Developmental Dysplasia of the Hip can be diagnosed at birth or later. It is due to muscles that are not strong enough to hold the hip into the ball and socket joint or an issue within the hip joint. For infants, a soft splint called a Pavlick harness is used. It creates just enough pressure to hold the ball in the socket joint until the muscles develop to take over the job. The Rhino cruiser is used in older children as it is flexible enough for walking.

For hip injury or repair in children, a spica cast may be used. This is a plaster cast that is formed around the waist and down the leg on one or both sides of the body to hold the hip immobile until healed. An opening in the groin allows for toileting or diaper. Since the legs are spread apart, mobility is accommodated by an adult-sized wheelchair.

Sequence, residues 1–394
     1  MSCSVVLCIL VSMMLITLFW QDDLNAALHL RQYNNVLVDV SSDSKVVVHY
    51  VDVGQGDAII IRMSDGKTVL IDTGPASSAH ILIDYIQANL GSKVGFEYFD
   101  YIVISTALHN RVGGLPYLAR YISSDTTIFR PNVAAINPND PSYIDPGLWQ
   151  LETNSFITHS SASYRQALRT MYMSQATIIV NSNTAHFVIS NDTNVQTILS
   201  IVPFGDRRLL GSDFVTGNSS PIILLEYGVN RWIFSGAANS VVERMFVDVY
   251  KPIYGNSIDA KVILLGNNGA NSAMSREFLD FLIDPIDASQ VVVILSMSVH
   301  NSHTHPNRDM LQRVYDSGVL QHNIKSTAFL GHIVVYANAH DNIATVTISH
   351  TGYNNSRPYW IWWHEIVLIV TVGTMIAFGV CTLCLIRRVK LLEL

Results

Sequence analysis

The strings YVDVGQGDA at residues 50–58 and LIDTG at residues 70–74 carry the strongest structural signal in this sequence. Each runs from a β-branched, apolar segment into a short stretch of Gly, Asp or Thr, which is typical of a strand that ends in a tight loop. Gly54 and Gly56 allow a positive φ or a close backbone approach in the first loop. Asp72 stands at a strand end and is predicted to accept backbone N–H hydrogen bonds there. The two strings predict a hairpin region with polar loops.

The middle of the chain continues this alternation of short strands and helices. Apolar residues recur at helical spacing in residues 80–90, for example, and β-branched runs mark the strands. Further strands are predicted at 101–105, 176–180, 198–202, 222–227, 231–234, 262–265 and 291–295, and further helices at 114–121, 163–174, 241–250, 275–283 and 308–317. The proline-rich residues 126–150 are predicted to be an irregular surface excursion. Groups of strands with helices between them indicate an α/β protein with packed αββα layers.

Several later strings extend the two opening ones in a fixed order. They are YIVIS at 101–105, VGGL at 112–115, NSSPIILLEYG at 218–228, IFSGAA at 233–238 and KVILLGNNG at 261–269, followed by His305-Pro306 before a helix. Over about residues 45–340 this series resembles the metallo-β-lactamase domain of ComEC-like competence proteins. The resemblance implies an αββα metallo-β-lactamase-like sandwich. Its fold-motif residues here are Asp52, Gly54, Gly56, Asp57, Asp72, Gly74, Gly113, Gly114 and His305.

Reciprocating Gait Orthoses (RGO) is a hip, knee, ankle, and foot device used for walking by children with neurological injury or disease. These are individually made or can be adapted to your child. A waist or hip support with metal rods aligns with the leg, articulating at the hip, knee, and ankle. Support surrounds the thigh and calf. Often support extends to the bottom of the foot. Some will use the articulations closed for total leg support others will use the RGOs articulations open if minimal support is needed. Crutches are often used for additional support and balance.

There are many inserts to wear in shoes, depending on the situation. These can help internal foot rotation, external rotation, and insteps. The UCBL shoe insert is used if the foot is flexible. A supportive tie or Velcro closing shoe will help with these devices to hold them in place.